A: Yes, but only as one of our shareholders. Our technology is very different from that which is employed in the stockmarket: our products are different and our risk management is different. In stock exchange, you trade in assets but in commodity exchange, you trade in obligations or contracts. Actually, in commodity exchange, you are buying and selling a contract and not buying and selling a physical commodity. We list contracts while in Stock Exchanges assets are listed. Furthermore, In Commodity Exchanges, it is a zero sum game, which is to say that when someone makes a profit there necessarily must be someone on the other side of the trade who is making a loss. With the Stock Market, when the price of an asset falls, all holders are adversely affected and when the price rises, all asset holders are benefiting.
Q: What kind of people can trade in Commodity Exchange?
A: Every business has a channel of distribution. The channel of distribution for NCEL is our brokers.
They distribute our services and assist the clients, who are interested in trading on this Exchange by opening accounts for them. Even farmers can trade on this exchange and benefit by it but, inPakistan, due to the fact that we are still in our development and growth phase, the awareness is not that wide spread.
Going forward, the brokers, once the benefits of the Exchange become clear, will be spreading the word to their extensive client network. To encourage this, we have taken the brokers with us when we hold our seminars in various cities of Pakistan. There, they have the opportunity to meet small traders and farmers.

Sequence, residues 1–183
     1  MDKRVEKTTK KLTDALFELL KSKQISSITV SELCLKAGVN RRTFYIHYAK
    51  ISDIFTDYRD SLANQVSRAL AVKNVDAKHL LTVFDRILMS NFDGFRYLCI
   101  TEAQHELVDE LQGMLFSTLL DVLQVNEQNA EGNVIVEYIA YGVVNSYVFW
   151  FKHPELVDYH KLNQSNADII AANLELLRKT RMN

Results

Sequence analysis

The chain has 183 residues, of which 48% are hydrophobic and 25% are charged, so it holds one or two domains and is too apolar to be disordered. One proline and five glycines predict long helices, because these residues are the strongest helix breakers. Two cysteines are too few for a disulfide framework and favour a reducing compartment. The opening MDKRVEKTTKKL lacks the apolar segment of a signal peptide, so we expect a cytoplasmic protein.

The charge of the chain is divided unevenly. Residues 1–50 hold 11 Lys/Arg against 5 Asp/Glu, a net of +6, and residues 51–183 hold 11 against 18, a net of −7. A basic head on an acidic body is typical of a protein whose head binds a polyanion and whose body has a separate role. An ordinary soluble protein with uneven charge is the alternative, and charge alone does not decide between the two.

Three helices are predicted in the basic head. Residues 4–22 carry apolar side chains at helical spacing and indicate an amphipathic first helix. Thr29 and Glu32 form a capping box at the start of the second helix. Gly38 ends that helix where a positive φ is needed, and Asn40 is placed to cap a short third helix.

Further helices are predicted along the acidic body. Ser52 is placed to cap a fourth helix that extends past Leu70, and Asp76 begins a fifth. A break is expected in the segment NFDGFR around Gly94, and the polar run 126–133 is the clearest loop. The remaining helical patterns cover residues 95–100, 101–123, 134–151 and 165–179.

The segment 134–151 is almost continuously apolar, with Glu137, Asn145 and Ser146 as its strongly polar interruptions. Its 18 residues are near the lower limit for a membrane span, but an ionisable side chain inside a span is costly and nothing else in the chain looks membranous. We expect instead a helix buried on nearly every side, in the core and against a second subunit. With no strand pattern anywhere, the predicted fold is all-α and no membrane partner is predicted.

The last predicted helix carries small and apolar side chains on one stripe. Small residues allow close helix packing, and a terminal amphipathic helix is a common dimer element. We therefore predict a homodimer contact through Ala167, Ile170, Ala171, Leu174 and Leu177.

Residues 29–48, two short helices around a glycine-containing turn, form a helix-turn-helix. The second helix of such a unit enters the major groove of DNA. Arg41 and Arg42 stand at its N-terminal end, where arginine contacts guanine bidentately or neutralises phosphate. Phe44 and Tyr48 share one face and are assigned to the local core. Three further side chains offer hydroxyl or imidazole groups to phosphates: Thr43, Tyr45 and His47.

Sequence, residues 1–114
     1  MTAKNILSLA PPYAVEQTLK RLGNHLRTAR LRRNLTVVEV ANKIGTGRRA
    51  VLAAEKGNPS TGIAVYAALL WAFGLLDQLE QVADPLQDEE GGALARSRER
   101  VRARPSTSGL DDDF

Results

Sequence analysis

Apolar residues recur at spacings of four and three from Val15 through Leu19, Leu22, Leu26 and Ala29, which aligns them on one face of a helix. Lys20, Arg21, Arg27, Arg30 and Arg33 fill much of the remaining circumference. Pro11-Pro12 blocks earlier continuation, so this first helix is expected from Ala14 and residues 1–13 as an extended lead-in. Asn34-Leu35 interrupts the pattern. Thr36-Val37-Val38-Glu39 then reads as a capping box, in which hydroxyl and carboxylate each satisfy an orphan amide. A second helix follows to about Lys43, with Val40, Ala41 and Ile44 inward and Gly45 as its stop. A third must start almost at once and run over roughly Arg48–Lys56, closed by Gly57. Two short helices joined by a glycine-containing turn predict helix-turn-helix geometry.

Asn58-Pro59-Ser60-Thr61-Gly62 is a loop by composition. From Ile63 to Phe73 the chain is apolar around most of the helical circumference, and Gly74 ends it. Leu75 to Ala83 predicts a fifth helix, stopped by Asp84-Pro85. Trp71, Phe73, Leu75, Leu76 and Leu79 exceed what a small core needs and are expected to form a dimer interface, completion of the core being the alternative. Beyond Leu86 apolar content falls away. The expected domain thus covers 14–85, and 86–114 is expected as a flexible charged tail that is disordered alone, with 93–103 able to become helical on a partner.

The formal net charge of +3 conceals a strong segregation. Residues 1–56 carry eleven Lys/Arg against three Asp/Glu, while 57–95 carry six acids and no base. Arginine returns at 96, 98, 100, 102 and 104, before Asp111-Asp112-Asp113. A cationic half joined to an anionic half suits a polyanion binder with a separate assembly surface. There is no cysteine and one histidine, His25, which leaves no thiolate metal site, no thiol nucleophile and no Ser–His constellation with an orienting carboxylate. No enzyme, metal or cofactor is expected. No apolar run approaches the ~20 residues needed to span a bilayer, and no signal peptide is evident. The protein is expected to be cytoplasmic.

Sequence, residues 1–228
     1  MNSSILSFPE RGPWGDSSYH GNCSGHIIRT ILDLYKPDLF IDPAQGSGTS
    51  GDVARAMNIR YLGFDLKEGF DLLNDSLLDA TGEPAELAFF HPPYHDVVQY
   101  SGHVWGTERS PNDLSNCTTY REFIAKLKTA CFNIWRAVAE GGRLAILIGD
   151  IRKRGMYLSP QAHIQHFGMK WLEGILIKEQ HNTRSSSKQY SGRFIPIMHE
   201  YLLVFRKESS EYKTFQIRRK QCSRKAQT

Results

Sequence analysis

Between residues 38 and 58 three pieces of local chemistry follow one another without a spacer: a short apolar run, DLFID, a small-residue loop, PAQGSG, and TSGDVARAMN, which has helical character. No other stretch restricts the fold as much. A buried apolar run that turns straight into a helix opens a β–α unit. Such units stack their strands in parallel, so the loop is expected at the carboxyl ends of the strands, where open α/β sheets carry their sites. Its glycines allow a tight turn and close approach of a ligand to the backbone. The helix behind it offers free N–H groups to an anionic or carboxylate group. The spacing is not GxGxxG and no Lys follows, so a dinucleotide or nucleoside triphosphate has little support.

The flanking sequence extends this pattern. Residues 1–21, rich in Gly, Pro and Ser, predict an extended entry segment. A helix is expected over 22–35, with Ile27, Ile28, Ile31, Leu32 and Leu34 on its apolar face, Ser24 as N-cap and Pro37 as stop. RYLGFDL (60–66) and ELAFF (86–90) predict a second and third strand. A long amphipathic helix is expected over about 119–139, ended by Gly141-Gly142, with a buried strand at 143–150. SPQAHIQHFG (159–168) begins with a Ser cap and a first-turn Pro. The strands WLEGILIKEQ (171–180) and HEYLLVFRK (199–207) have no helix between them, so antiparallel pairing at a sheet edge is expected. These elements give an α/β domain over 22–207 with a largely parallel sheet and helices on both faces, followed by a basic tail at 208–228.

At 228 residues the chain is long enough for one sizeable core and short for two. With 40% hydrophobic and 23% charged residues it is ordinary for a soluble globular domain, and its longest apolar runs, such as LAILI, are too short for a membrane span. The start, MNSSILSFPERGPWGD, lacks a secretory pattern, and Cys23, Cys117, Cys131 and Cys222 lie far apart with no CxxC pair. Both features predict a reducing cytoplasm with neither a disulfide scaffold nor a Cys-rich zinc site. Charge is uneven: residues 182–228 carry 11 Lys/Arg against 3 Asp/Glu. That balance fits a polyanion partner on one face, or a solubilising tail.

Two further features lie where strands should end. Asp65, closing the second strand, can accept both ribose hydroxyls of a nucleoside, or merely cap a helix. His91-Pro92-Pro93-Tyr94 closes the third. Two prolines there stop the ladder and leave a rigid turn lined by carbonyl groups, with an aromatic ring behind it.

At NCEL, we believe that education is the key and that participants should be aware of the pros and cons of trading. We believe this to be part of our social obligation towards the country.
Further, we are also providing a three-day extensive programme, run by an FSA authorized derivatives trader at our purpose built training centre, free of cost, for people who want to really understand this business. Details of this program are available on the NCEL website.
Q: How do you list contracts in the Exchange?
A: There is a scientific process to list contracts in the Exchange. Due to improper designs, on average, almost 80 per cent of the contracts fail globally.
Designing a contract is an art in itself: these are designed either by sitting with the participants of spot market or with the people, who are working in value chain or by taking inputs from everyone.
It is not possible that there be a 100 per cent agreement on a contract but we have to absorb everyone’s views and then we construct a contract.
We have to be very careful in this regard because if a contract is not designed properly, traders would suffer losses or trading would not occur and the contract would eventually fail.